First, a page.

Overshadowed by the continuing debate over the government shutdown is the apparent fate of legislative protection of companies responsible for genetically modified organisms (“GMO”). In March of this year, a last-minute clause added to a government funding bill created a furor by protecting GMO companies, like Monsanto, from responsibility for any harm arising from their GMO products. As it now stands, the “Monsanto Protection Act,” as it came to be called, will expire in the middle of December. The latest round of discussions in the Senate aimed at averting a government shutdown did not include any version of the “Monsanto” provisions. Senator Jeff Merkley (D-Oregon) had lobbied forcefully against the GMO loopholes. The Monsanto Protection Act would have prevented the Secretary of Agriculture from taking any action to prevent harm from genetically modified organism crops, even when there was evidence of harm. GMO seeds and crops have been linked to environmental and human health concerns, as well as threatening existing non-GMO crops that may be planted in proximity to GMO products. In August of 2013, the journal Nature published a story that showed GMO crops can pass their genetic modification to weeds growing with or near the GMO crops. When this occurs, the weeds become resistant to herbicide, reducing crop yield.
According to testing groups, the current percentage genetic modification of certain mainstay U.S. crops is astonishingly high. 90% of canola, 88% of corn, 90% of cotton, 94% of soy, and 95% of sugar beets are estimated to be genetically modified. In addition, raw GMO crops are also the main source of other products, like aspartame, vitamin C, citric acid, high-fructose corn syrup, MSG, sucrose, xanthan gum, and vitamins, among others. 60 countries, including all countries in the European Union, Australia, and Japan, have enacted significant restrictions on the use and sale of GMO products, or an outright ban. Currently in the U.S., there is no labeling requirement that identifies the presence of GMO products. Some products, however, have voluntarily certified that they are “non-GMO.”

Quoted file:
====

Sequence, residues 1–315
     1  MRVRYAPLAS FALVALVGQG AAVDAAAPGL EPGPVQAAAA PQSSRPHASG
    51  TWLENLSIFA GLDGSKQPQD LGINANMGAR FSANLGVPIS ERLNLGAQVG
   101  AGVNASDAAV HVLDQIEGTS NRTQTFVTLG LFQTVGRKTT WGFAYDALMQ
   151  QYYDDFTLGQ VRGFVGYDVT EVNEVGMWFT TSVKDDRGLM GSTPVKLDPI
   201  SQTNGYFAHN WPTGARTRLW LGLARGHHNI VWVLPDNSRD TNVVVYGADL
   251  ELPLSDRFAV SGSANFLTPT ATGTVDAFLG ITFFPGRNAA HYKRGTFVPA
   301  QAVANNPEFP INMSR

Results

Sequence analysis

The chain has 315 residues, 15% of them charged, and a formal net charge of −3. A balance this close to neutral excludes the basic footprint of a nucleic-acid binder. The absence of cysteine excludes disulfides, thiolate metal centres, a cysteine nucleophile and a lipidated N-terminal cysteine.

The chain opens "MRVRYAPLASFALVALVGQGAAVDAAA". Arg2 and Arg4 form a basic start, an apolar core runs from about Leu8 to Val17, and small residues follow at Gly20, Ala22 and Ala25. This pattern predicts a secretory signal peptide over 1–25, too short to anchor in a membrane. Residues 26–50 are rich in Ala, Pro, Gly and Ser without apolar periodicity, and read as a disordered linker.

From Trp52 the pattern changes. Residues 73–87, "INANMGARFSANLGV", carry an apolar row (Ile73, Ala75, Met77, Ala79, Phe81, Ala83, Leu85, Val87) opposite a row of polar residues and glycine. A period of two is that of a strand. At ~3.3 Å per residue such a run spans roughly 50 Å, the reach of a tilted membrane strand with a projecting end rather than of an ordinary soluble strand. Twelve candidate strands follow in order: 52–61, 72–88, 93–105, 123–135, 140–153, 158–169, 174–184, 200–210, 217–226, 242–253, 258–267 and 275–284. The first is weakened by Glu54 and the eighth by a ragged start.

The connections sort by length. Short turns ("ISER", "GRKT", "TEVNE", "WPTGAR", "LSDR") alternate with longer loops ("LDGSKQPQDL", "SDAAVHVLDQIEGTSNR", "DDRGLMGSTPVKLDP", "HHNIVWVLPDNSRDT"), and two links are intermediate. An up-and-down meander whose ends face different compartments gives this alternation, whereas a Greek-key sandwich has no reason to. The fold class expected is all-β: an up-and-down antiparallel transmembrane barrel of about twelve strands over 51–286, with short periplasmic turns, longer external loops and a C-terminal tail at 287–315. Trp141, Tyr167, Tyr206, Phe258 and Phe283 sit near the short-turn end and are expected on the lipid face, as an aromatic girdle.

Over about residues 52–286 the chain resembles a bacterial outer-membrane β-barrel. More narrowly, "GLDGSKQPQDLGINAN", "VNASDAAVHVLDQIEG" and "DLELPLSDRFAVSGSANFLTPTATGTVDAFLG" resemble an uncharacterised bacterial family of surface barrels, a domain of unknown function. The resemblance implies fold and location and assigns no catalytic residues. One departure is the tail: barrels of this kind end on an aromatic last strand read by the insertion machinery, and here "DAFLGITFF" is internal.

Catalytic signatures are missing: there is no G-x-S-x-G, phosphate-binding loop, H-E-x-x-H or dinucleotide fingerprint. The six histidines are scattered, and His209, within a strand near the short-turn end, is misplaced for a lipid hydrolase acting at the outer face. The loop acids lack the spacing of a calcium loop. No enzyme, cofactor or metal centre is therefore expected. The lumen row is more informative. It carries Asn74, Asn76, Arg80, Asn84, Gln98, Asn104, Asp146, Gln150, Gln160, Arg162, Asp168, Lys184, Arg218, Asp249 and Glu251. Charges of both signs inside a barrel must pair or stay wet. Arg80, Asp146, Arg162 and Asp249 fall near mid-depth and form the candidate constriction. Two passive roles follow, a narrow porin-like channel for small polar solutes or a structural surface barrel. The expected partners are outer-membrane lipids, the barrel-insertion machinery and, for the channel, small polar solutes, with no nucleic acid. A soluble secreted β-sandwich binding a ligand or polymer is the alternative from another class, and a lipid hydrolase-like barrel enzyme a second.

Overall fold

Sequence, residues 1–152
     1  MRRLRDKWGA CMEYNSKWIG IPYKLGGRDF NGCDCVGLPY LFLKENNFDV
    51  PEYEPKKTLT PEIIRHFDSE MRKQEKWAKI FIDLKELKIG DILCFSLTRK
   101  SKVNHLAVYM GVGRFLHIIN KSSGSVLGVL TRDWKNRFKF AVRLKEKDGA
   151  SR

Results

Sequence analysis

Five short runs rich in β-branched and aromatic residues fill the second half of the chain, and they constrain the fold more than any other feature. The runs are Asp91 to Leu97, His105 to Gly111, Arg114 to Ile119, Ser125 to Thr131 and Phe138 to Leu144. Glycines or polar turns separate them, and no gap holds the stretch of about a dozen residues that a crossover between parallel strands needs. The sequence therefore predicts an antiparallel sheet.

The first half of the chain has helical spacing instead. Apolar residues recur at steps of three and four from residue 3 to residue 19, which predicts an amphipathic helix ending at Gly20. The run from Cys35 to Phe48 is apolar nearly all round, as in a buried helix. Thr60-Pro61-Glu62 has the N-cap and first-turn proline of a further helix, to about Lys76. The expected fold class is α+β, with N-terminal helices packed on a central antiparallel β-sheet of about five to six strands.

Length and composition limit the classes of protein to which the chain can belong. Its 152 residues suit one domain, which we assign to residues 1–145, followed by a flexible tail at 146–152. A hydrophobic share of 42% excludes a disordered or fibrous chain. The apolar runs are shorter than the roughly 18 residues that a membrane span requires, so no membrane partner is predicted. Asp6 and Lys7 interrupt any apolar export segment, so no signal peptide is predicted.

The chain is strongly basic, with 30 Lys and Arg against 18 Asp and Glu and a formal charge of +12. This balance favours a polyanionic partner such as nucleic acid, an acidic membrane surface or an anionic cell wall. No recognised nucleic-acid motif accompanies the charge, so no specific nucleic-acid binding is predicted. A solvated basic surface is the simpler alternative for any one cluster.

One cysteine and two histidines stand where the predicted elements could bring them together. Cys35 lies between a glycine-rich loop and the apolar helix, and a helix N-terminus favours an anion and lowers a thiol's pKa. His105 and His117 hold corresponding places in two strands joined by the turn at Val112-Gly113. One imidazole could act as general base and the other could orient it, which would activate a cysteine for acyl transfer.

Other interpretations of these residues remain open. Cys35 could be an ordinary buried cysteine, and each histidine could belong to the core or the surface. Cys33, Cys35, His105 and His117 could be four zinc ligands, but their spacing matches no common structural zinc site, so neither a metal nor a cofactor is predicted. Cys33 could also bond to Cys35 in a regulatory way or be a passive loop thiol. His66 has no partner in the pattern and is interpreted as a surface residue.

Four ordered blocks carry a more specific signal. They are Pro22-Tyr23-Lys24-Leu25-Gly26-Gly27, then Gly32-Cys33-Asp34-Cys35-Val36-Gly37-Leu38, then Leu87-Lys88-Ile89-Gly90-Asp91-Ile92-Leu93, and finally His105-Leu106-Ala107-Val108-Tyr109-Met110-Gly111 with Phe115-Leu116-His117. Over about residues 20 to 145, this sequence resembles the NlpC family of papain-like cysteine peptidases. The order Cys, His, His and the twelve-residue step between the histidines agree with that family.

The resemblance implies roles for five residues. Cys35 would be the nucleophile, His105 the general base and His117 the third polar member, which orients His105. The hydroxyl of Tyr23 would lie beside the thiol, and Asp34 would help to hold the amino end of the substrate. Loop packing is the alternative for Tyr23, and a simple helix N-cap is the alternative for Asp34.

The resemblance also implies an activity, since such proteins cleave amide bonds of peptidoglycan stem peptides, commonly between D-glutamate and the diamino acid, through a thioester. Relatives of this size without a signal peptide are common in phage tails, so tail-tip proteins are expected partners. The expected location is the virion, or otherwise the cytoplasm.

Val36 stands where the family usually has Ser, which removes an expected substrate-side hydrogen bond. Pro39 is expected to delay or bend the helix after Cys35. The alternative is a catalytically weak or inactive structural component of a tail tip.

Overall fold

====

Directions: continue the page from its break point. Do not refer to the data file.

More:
Monsanto is the largest seed company in the world. In the 1990s, it began testing a GMO strain of wheat called MON 71800. Tested between 1998 and 2005 by Monsanto, the product was never marketed in the United States. Farmers were concerned about the risk of foreign markets refusing U.S. wheat shipments due to stricter foreign regulations. Despite these events, a strain of genetically modified wheat was found this year growing on a farm in Oregon. After testing, the wheat was identified as MON 71800. As a result, Japan suspended its import of American wheat. The source of the GMO wheat in Oregon is unknown at this time, but Monsanto has alleged that its presence was the result of sabotage. Monsanto also manufactures the weed killer Round-up, which, along with its GMO Round-up resistant seeds, accounts for approximately half of Monsanto’s business.
Thornton Law Firm has represented consumers and governments affected by toxic and environmental harm for 40 years. The firm’s lawyers have fought the tobacco, lead paint, asbestos, chemical, and pharmaceutical industries successfully on behalf of individual and class clients. If you have questions about your legal rights, call Thornton Law Firm at 888-491-9726 today and a lawyer will be happy to speak with you and answer your questions.